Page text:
Category: Gut Health

Life In the Sanitized Bubble (Or Why Probiotics Are So Important)

For the vast majority of human history (and prehistory), men, women, and children had near-constant contact with the natural world around them. They were walking on the ground. They were playing in the dirt. They were digging for roots and grubs. They were eating with their hands. They were field dressing animals and wiping their hands on the grass. Nothing was sterilized; the tools to sterilize the environment didn’t exist. You could boil water, but that was about it. Bacteria were everywhere, and humans were constantly ingesting it. Even as babies, preindustrial infants nursed for almost four years, so they were getting a steady source of breastmilk-based probiotic bacteria for a good portion of their early lives.

Read More

Dear Mark: Antibiotic Recovery, Sprinting on Keto, Preparing for Bad Sleep

For today’s edition of Dear Mark, I’m answering three questions. First up, what can a person do to help their gut recover its barrier function after too many antibiotics? Are there any foods, supplements, or dietary strategies? Second, what can explain rapid fatigue during sprint sessions on a keto diet? Is this simply part of the deal, or are there modifications you can make? And finally, what do I do when I know I’m going to get a bad night’s sleep?

Let’s go:

Read More

The Curious Phenomenon of “Keto Crotch”

I have a confession to make: I, Mark Sisson, suffer from keto crotch.

It’s embarrassing, really. I thought maybe it was just the change in climate moving from Malibu to Miami—the humidity, the heat, the fact that I’m paddling and swimming more often now. There’s a whole lot of moisture down there. Perpetual steaminess.

But then I met up with my writing partner and good pal Brad Kearns, who’s been working with me on my upcoming book. Brad lives in Northern California, which is far from hot or humid right now. He’s also a staunch keto guy most of the time, and, well, let’s just say I could smell him before I could see him. We met up at a coffee shop and cleared out everyone in a fifteen foot radius. We sampled a new exogenous ketone product he’s been trying and not one, not two, but three separate individuals approached to inquire if we were salmon fishermen.

Okay, let’s get serious. (And, yes—to address some reader confusion there—the above is pure satire.) Does “keto crotch” really exist? And, if it does, what can you do to prevent it?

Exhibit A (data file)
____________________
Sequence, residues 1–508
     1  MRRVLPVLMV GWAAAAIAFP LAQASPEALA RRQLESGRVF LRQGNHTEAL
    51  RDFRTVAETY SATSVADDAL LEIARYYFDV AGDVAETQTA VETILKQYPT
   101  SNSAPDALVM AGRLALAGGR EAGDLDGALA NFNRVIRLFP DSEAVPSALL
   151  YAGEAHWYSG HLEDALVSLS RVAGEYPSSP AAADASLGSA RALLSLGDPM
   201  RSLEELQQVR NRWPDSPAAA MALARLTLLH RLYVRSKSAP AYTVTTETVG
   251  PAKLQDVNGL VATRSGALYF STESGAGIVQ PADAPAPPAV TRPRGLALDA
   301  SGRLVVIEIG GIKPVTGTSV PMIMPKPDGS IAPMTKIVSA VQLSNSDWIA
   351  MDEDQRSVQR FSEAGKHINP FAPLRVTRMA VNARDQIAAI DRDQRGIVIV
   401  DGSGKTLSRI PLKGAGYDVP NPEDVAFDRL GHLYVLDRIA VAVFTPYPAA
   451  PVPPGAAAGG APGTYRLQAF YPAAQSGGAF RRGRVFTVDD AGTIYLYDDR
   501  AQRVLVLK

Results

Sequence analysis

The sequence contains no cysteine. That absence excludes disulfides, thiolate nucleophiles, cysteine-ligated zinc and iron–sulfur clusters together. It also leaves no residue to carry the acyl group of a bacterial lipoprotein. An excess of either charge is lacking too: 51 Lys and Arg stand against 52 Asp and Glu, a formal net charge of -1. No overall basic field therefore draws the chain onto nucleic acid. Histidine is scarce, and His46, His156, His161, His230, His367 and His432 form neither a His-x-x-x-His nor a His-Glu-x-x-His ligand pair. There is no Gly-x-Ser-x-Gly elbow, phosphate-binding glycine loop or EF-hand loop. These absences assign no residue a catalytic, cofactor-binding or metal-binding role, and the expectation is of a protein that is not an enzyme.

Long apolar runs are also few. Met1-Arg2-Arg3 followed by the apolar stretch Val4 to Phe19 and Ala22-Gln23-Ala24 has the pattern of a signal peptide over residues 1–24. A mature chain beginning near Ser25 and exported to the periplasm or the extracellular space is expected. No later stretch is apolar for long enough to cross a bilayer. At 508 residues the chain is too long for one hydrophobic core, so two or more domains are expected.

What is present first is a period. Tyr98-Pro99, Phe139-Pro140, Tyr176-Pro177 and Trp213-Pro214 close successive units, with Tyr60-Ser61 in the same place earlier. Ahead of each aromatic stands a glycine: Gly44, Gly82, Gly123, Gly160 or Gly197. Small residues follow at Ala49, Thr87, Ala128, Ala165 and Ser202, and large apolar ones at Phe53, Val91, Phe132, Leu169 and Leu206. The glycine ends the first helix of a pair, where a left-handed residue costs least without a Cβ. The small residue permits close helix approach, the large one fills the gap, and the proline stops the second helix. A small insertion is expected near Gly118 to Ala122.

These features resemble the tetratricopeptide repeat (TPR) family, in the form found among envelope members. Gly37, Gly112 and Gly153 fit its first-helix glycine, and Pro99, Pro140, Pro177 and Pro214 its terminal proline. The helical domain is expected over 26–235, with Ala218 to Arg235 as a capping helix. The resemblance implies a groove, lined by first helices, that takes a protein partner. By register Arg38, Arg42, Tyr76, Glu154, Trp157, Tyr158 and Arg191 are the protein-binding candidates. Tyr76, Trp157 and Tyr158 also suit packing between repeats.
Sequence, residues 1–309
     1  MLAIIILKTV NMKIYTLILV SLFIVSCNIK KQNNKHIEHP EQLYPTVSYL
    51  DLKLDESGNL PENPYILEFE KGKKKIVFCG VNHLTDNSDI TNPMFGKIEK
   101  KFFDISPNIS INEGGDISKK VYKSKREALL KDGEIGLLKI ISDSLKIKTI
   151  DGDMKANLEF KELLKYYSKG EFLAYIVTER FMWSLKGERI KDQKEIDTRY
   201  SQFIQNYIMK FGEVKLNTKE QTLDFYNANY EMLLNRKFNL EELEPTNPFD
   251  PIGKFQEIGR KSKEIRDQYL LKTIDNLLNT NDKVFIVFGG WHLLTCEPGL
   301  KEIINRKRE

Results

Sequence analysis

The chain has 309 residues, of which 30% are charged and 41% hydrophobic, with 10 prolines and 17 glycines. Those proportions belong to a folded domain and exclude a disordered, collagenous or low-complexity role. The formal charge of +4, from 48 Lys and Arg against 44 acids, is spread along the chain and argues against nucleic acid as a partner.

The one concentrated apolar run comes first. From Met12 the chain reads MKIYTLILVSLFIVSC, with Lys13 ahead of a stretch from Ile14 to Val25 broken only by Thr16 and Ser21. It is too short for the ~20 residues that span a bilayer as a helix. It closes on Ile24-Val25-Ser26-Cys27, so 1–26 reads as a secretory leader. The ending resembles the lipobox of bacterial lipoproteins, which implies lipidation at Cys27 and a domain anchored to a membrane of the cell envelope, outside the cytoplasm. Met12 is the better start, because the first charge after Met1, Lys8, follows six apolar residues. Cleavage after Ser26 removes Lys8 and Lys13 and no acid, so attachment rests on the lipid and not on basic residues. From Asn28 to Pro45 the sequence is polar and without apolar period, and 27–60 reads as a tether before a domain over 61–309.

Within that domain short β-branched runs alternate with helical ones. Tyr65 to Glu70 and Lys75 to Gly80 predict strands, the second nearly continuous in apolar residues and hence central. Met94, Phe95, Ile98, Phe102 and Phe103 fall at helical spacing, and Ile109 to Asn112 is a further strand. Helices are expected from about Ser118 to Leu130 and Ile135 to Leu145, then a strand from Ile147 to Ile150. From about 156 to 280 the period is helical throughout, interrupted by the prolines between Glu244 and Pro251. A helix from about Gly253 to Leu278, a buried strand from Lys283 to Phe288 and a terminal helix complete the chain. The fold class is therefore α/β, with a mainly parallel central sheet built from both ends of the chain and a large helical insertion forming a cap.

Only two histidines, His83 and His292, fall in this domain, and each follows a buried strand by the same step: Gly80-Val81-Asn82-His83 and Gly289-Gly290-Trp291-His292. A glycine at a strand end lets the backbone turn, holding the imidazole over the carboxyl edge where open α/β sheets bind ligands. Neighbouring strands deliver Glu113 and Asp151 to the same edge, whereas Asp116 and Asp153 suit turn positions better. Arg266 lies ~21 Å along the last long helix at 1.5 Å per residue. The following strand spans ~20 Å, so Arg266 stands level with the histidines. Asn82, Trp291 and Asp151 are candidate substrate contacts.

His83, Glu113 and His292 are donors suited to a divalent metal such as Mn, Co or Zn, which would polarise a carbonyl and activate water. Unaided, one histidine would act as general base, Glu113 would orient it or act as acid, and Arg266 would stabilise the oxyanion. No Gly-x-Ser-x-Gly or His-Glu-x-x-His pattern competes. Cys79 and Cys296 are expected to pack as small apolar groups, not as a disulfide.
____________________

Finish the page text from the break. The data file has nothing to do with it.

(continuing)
Read More

Dear Mark: Broth, Fasting, Coffee, and Metformin (and More)

For today’s edition of Dear Mark, I’m answering a bunch of questions from comment sections. First, did I get AMPK and mTOR mixed up in a recent post? Yes. Second, I give a warning for those who wish to add ginger to their broth. Third, is it a problem that we can’t accurately measure autophagy? Fourth, how does coffee with coconut oil affect a fast? Fifth, is there a way to make mayonnaise with extra B12 and metformin? Actually, kinda. Sixth, should you feel awkward about proposing hypotheses or presenting scientific evidence to your doctor? No.

Let’s go:

Read More

After Whole30 or Other Reset: 11 Tips for Reintroducing Allergenic Foods

So, you’ve done a Whole 30® (or other dietary reset involving the removal of potentially allergenic or sensitizing foods to establish homeostasis). It’s over. It went well. You feel good. You’re ready to take on the world. Now what?

Officially, you’re supposed to reintroduce the allergenic foods you removed, one at a time, to see how they affect your digestive, psychological, metabolic, and overall health. After all, the main point of the Whole 30 is to uncover the allergenic foods that actually bother you and the ones that don’t. A broad, diverse diet is awesome if you tolerate it, and having more foods available to eat makes living easier and more enjoyable. There’s no reason not to eat legumes (or dairy, or a glass of wine) if you like them and they don’t negatively affect your health.  The reintroduction phase of the Whole 30 simply helps you learn which of those foods work and which don’t. That said, it’s intimidating for a lot of folks….

Read More

8 Misconceptions About Fiber

The tricky thing about fiber is that it’s not a monolith. There are dozens of varieties. Some of them perform similar functions in the body, but others have extremely unique effects. Some rend your colonic lining to stimulate lubrication. Some turn into gelatinous slurries. But we can’t talk about fiber without understanding that the word describes a variety of compounds. As such, anyone making declarative statements about “fiber” without differentiating between the different types and their effects isn’t being accurate (except for me in that exact sentence).

This leads to a lot of confusion. People make blanket statements that might be true for some types of fibers and incorrect for others. 

Read More

Latest Posts